A unique feature of the Union High School and indeed Graaff-Reinet is the intricate system of furrows which was once upon a time used to disperse water to the properties in the town.
Each erf had a specific hour of the day where the owner would remove his or her sluice and flood the property with water from Mackie’s Pit. No matter what time of day or night, property owners would use this valuable water to keep lawns and gardens alive.
This system has largely fallen by the wayside, most likely as a result of improved municipal water systems, and the furrow water is now only used by the Botanics Sports Grounds, the Graaff-Reinet Bowling Club, the Union Schools, and to a lesser degree Hoër Volkskool.
The water originates from the spring known as Mackie’s Pit, which is roughly 5km north-east of the Nqweba Dam wall. It is piped from under the dam itself, under the dam wall, along the Sundays River to the Mackie’s Pit Collector Dam (near the old municipal swimming pool, along Cradock Street, through residential properties to Stockenstroom Street, where it crosses underneath the street, and via the Botanics irrigation dam to the other users.
Here follows a brief history of the origin of Mackie’s Pit:
In the early 1860s, W.L. Mackie, the Town Clerk, dug a hole in the sandy flats which lay between the old river bank and the course of the river as it was in the 1860s. Although floodwaters did not reach most of this flat, the quantity of vegetation growing there suggested that there must be water under the surface.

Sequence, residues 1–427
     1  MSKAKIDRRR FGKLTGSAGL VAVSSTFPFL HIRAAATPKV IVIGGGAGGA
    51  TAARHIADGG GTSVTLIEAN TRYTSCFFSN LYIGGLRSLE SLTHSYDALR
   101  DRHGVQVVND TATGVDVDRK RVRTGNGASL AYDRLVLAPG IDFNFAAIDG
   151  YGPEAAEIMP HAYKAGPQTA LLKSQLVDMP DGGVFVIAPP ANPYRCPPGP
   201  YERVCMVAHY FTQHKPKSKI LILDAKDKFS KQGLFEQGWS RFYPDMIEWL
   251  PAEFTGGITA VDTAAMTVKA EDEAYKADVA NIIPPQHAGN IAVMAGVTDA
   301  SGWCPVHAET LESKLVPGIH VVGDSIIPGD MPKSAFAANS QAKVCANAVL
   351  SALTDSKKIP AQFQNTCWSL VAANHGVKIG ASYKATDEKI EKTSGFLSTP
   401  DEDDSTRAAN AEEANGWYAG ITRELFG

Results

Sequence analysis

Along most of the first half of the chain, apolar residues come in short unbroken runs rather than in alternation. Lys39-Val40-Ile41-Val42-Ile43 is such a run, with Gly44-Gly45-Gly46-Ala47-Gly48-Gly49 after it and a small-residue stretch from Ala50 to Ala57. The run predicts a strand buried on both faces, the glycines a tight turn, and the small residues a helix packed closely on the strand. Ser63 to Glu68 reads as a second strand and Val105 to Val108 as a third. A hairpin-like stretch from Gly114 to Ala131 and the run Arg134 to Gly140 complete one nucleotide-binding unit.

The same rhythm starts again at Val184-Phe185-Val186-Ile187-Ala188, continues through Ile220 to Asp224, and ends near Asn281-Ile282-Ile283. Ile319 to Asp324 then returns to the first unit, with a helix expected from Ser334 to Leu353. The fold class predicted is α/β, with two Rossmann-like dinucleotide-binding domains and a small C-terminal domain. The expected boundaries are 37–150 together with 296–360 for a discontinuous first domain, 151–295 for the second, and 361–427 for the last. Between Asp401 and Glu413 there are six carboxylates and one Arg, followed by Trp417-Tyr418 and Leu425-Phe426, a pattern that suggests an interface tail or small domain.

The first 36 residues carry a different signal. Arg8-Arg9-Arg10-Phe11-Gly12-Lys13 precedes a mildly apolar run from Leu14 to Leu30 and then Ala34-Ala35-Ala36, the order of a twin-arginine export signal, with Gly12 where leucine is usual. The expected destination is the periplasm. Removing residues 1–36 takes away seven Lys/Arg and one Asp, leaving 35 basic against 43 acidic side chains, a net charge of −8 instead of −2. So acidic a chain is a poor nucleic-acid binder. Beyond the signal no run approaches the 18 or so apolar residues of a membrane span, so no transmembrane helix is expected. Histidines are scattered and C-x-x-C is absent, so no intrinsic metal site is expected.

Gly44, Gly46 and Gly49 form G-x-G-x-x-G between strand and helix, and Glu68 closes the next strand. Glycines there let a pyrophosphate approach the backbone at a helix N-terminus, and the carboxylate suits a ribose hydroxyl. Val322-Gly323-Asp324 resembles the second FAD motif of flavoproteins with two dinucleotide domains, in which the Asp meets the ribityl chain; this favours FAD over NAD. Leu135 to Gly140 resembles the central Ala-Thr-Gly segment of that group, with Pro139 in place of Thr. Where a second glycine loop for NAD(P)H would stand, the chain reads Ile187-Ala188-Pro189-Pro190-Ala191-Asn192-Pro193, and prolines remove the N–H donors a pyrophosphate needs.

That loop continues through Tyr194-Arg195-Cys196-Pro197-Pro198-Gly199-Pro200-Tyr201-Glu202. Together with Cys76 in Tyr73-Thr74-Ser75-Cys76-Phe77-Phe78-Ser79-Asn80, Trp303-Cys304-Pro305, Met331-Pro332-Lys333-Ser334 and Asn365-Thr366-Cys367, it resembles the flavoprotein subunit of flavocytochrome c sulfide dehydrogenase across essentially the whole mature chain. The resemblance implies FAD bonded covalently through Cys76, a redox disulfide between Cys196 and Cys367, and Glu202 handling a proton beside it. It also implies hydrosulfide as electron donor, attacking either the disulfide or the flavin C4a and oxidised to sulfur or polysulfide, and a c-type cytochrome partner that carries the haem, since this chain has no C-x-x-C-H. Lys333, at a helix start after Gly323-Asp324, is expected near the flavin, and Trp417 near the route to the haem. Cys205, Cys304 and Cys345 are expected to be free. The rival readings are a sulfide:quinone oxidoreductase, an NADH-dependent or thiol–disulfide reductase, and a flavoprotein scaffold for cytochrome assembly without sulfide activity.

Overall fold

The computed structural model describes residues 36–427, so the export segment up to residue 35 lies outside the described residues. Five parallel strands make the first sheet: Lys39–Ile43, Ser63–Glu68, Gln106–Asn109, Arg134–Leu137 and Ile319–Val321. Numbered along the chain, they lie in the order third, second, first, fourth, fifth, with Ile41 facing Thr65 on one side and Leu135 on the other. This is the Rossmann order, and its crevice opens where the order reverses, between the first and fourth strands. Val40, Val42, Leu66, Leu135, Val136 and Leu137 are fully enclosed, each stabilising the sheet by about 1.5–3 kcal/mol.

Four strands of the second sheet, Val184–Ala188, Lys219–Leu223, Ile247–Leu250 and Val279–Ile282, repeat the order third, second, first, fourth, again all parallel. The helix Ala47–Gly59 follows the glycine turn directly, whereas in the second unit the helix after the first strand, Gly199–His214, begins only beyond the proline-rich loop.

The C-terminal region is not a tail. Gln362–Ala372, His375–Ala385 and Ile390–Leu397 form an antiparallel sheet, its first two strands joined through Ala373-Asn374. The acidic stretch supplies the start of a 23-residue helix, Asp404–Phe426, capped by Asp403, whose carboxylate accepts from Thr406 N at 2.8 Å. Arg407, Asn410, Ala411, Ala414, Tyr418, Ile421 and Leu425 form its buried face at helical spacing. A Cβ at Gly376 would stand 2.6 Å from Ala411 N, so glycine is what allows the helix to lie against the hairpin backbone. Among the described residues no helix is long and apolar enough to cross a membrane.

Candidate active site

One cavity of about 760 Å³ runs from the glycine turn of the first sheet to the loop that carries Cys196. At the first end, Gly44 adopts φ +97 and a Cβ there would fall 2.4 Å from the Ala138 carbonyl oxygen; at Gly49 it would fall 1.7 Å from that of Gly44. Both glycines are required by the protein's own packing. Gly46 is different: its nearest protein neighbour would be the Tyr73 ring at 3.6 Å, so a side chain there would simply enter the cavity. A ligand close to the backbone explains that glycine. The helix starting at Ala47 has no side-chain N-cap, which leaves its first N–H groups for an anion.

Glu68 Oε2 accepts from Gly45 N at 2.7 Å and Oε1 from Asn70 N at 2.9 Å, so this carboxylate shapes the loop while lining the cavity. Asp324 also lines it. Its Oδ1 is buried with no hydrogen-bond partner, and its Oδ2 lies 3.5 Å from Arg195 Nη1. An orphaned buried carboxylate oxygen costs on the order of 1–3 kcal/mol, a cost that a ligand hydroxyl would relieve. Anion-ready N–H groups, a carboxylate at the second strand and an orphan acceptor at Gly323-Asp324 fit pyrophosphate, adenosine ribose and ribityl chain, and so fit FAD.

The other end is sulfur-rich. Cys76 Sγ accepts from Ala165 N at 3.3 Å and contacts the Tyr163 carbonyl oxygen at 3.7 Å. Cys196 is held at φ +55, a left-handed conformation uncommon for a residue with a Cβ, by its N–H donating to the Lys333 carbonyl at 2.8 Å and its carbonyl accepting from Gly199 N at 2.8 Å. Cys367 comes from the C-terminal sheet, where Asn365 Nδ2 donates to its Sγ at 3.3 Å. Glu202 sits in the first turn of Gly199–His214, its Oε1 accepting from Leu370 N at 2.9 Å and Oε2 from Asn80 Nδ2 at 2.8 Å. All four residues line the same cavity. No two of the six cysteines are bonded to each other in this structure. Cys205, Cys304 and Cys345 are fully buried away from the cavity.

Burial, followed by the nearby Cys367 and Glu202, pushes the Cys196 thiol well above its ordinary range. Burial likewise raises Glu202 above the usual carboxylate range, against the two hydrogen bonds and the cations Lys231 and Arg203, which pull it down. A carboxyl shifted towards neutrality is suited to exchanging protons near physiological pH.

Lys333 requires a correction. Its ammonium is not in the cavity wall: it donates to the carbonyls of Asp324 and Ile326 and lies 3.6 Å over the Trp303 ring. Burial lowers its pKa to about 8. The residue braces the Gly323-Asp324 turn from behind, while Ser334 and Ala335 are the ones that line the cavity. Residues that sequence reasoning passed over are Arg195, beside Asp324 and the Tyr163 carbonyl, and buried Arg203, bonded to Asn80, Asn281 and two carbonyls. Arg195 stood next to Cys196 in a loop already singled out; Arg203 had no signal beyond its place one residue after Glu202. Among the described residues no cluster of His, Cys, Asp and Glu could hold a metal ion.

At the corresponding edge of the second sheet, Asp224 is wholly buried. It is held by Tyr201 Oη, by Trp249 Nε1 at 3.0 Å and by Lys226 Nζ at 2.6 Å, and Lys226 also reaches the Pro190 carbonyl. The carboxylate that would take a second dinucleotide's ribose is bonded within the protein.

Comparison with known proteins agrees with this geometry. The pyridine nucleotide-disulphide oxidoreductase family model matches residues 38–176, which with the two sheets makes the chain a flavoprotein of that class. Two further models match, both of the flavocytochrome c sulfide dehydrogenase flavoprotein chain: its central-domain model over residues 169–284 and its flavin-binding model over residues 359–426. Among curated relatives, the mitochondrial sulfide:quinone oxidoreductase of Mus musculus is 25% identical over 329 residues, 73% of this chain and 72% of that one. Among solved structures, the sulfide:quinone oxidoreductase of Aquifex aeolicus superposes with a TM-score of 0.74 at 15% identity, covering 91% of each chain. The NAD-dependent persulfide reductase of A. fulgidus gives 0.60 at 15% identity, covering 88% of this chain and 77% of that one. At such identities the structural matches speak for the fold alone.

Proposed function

Mackie confirmed this and, from the levels he took, it appeared that the level of water in the pit was some eighteen inches higher than that in the river. This led to the belief that the water in Mackie’s Pit was not connected with the river.
This was extremely important since it meant that the board would be able to dispose of this water without reference to the erf-holders, who were entitled to all the water in the river.
But when the supply of water at Mackie’s Pit was tested in 1873, it was discovered that the levels taken by Mackie had been incorrect and that the level of water in the pit was in fact about a foot lower than the level of water in the river.
These levels indicated “that the underground water was connected with the river, and not with lateral springs – that it is, in fact, a portion of a large body of water which percolates through a vast shingle bed, several miles in width, and which is known to exist on both sides of the river”.
– 𝘌𝘹𝘵𝘳𝘢𝘤𝘵𝘦𝘥 𝘧𝘳𝘰𝘮 ‘𝘍𝘳𝘰𝘯𝘵𝘪𝘦𝘳 𝘵𝘰 𝘔𝘪𝘥𝘭𝘢𝘯𝘥𝘴 𝘈 𝘏𝘪𝘴𝘵𝘰𝘳𝘺 𝘰𝘧 𝘵𝘩𝘦 𝘎𝘳𝘢𝘢𝘧𝘧-𝘙𝘦𝘪𝘯𝘦𝘵 𝘋𝘪𝘴𝘵𝘳𝘪𝘤𝘵, 1786 – 1910’ 𝘣𝘺 𝘒𝘦𝘯𝘯𝘦𝘵𝘩 𝘞𝘺𝘯𝘥𝘩𝘢𝘮 𝘚𝘮𝘪𝘵𝘩 (𝘚𝘦𝘱𝘵𝘦𝘮𝘣𝘦𝘳 1974)